Vietnam’s Working Condition
The great visibility of Nike Inc., which recently considered Vietnam as an important site to outsource its production, created huge controversy in the United States, particularly among activists labor rights advocates like the Workers’ Rights Consortium. Claims of factory conditions and negligible pay were lodged by a number of journalists.
Apparently, Nike’s forceful and innovative marketing strategy has enabled the company to expand its production to a country that really needs expanded job opportunities. Unfortunately, Nike’s Korean and Taiwanese subcontractors producing for the giant footwear company in Vietnam were guilty in a number of cases of abuses and labor law violations. Senior employees found guilty of such labor abuses and violations were deported.
Although salaries in Vietnam’s garment, textile and footwear industries are very low using U.S. standards, such additional income is commonly pooled in an extended family framework and contributes significantly to the economic welfare of families. Having such companies like Nike active, the country was able to export US $1.4 billion worth of footwear overseas in 1998.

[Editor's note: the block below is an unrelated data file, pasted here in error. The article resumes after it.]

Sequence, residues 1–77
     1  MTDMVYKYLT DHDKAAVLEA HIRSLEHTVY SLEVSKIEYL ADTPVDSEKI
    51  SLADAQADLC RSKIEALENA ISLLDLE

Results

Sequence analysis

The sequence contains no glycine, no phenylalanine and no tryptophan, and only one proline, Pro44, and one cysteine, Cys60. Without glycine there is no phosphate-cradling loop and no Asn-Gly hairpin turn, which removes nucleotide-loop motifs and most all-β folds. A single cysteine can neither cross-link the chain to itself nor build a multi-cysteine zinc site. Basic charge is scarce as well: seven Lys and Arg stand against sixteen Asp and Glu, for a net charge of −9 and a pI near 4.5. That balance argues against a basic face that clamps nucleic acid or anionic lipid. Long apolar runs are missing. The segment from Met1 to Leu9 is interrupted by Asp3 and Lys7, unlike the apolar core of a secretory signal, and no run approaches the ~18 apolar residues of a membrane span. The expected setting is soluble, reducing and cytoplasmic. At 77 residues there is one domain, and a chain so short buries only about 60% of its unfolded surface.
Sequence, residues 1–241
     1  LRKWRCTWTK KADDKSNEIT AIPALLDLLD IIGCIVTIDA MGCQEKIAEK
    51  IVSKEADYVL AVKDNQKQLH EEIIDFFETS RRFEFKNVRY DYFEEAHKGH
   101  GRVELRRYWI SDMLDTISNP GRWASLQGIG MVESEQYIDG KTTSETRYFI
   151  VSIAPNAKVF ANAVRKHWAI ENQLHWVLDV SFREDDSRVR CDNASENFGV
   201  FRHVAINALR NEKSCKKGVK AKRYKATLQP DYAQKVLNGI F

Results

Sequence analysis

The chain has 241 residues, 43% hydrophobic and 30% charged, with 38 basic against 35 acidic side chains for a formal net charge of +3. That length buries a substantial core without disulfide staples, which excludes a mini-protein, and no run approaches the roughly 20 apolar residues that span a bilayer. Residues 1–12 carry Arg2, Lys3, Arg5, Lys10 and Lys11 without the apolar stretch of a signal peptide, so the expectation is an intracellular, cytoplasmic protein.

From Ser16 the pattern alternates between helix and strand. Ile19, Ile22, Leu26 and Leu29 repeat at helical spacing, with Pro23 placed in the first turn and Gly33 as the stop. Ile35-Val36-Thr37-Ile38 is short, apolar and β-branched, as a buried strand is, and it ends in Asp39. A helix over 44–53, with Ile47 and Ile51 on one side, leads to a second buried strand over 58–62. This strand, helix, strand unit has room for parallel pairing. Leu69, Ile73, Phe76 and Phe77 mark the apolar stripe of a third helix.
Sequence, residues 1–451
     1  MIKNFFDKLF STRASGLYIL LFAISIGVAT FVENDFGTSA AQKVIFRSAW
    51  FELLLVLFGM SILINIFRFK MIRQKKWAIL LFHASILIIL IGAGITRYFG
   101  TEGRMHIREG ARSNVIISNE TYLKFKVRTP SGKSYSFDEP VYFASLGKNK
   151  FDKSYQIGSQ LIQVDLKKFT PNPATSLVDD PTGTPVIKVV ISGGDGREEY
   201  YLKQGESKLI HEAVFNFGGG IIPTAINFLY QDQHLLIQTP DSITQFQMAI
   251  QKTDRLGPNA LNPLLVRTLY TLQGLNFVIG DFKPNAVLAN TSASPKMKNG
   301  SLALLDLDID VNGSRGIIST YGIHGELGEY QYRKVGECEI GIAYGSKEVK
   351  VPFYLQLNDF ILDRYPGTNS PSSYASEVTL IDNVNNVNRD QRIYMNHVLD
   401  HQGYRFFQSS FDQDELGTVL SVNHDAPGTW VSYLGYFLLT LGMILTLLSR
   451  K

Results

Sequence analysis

Meanwhile, for those who are unable to find formal employment in Vietnam, they may opt to seek income-generating activities in the informal sector. Working conditions in the informal sector differ rather greatly, depending on the activity involved. Several informal sector jobs give employees and other individuals with way more freedom and independence than if they were in a formal sector. In some cases, work in the informal sector can be rather humiliating like those involved in pleading tourists to buy their souvenirs and the likes.
Unfortunately, for some undereducated or unemployed women, since the rise of illegal commercial sex industry in the country, they became vulnerable to the industry. As a result, about 100,000 Vietnamese have now incurred HIV / AIDS.